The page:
This thread is not too big yet, kurkodsr, and you raised some points of interest, especially the confusing wide screen flag business. Initially I thought you were talking about the DVD-based letterbox/16:9 flag, but I now realize you meant the flag some TV sets use to auto-unsqueeze 16:9 video (rather than show 4:3 distorted until you manually select 16:9 with the TV remote).
My Pioneer twin of your Sony 780 recorder doesn't seem to capture any widescreen flags: all 16:9 material gets recorded as straight anamorphic 4:3. My Sony TV usually auto-switches between 16:9 and 4:3 with broadcast or cable signals, but not with anamorphic DVD-Rs recorded from those same sources (I always have to manually press the "full" 16:9 option on the remote, or the TV plays the widescreen DVD squeezed into 4:3 with black bands on the sides).
When I patch the 16:9 source thru my Sima CGMS-A filter, or thru my DataVideo TBC1000, nothing changes. They do not take the 16:9 input and convert it to 4:3 LBX. I end up with the same 16:9 anamorphic DVDs I would get without the filters in the chain (they require manually switching the TV to 16:9 so it decodes the signal properly). The DPX7000 is a derivation of the earlier Simas used by jjeff and me, so shouldn't interfere with the basic WS format in any way. Whether it strips the TV WS flag, I don't know, since I've never been able to record such a flag.
I don't have an Xbox, but I assume you're telling us it somehow inserts a flag into the signal that a Sony/Pioneer CAN record and pass on to the DVD, which would let you avoid manually hitting the stretch button on the TV remote. This would be an oddity, and most TBC and "video filters" would likely strip such a flag in the process of removing CGSM-A. They would not change the 16:9 to letterbox, but you would lose the convenience of the TV automatically sensing the 16:9 and changing its format accordingly. You would get what I get: an anamorphic squeeze in 4:3 that the TV must be told is 16:9.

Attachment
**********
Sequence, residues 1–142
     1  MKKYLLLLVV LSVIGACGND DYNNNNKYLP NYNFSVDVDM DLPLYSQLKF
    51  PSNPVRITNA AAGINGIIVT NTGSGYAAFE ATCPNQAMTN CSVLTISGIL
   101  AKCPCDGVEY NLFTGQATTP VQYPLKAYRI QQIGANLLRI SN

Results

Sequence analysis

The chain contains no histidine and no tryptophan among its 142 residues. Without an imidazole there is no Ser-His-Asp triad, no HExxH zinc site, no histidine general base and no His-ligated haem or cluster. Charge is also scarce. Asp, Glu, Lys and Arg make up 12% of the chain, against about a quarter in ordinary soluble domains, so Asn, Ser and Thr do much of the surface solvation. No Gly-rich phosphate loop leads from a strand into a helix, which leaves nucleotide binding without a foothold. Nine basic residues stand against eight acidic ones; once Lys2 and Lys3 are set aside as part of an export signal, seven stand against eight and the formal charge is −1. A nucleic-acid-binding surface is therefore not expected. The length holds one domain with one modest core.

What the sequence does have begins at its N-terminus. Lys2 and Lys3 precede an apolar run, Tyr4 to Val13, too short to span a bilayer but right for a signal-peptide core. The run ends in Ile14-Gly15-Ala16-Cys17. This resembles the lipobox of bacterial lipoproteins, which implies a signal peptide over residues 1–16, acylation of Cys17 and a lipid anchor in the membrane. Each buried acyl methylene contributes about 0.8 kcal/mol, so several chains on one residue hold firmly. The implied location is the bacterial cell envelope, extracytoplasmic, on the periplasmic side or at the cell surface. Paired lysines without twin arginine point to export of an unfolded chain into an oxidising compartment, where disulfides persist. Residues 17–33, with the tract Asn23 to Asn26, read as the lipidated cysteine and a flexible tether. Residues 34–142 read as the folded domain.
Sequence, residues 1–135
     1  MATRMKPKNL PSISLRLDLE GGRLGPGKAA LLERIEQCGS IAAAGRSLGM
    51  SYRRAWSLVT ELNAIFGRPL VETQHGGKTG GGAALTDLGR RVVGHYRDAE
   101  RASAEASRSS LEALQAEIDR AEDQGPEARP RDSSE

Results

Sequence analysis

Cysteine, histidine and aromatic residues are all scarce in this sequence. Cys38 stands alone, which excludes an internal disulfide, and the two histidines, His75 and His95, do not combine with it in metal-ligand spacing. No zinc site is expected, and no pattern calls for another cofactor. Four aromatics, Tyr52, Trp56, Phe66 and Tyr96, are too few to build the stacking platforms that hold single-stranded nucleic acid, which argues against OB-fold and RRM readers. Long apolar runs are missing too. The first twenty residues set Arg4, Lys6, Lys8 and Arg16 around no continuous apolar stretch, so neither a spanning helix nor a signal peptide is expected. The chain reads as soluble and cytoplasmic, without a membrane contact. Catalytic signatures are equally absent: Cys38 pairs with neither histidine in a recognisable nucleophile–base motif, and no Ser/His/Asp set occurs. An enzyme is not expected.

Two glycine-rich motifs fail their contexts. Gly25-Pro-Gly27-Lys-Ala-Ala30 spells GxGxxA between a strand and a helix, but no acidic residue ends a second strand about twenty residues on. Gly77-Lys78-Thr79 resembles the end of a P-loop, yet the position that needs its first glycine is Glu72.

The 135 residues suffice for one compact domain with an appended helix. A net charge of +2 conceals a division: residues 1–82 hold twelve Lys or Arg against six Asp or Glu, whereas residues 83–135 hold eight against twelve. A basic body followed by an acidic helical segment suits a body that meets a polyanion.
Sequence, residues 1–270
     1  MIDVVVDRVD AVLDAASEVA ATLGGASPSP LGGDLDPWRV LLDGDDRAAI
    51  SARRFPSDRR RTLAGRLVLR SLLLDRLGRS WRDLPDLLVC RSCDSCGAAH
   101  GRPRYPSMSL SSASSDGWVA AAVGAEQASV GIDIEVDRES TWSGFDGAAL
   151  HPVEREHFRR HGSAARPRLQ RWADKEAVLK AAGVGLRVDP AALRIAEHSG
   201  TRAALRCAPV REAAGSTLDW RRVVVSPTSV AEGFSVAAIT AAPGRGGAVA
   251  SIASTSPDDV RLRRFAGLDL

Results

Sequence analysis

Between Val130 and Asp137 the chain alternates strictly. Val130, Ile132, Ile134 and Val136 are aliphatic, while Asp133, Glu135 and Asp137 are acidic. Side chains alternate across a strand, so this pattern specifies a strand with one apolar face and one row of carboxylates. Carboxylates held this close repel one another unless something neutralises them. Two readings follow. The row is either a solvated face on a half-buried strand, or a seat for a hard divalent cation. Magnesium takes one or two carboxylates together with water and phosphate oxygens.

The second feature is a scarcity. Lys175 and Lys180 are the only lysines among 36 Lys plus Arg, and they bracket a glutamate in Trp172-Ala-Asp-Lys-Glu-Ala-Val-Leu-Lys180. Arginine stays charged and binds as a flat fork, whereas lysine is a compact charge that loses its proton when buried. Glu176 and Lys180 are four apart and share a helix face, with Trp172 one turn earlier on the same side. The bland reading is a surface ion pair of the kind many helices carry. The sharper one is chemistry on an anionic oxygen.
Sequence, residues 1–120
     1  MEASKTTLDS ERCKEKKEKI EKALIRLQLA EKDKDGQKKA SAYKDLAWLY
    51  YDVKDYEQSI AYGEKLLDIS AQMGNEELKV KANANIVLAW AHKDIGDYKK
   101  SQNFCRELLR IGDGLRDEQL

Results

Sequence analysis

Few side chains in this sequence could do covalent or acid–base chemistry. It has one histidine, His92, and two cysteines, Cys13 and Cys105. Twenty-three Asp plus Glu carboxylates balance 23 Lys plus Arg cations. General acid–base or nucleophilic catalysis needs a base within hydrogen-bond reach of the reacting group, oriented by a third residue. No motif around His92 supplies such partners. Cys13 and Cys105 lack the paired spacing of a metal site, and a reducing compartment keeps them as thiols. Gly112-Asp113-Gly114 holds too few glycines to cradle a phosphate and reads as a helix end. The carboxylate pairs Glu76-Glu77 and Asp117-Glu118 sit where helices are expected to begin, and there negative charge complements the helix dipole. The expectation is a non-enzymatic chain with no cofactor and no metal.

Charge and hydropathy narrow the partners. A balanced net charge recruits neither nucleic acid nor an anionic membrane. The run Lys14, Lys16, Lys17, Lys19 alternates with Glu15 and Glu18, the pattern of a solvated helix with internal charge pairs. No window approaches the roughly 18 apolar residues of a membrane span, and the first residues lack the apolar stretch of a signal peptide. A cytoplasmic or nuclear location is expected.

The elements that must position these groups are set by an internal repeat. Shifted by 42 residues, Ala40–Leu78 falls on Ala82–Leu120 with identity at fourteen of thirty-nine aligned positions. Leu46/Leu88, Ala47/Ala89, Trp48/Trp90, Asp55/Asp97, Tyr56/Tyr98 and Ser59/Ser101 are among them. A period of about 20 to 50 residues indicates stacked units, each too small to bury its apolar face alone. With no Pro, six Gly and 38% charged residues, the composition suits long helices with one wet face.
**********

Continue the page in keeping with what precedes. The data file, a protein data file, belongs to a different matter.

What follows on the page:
The high cost of the Logic Design filter is due to the designer taking all of these "little things" into consideration and giving the user control over them. The unit allows you to add a WSS flag to tell the TV to auto-stretch (conversely, if the WSS flag is already in the video Logic Design will not remove it). The stripping firmware in the Logic Design is "smart": it removes only the unwanted sections of the VBI, leaving closed captions and WSS untouched. This feature preservation is what you pay for. TBCs and other less expensive filters use a brute force approach, reconstructing the entire VBI and often deleting everything that isn't purely "video" (ferinstance, my Sima is 50/50 with closed captions).
So basically its down to how much of a big deal you think it is to manually hit the 16:9 button on your TV remote to unsqueeze the anamorphic recording. If that doesn't bother you, the DPX7000 or a cheap used TBC should do just fine. World Import is OK to deal with but they aren't the brightest bulbs in the box: they may not understand your email re the DPX7000. You could buy it with a credit card to be sure of getting your money back if it doesn't work as you'd like. If you don't want any potential hassle at all, just pay the extra to buy the Logic Design in the first place (since he's guaranteed it will do what you want).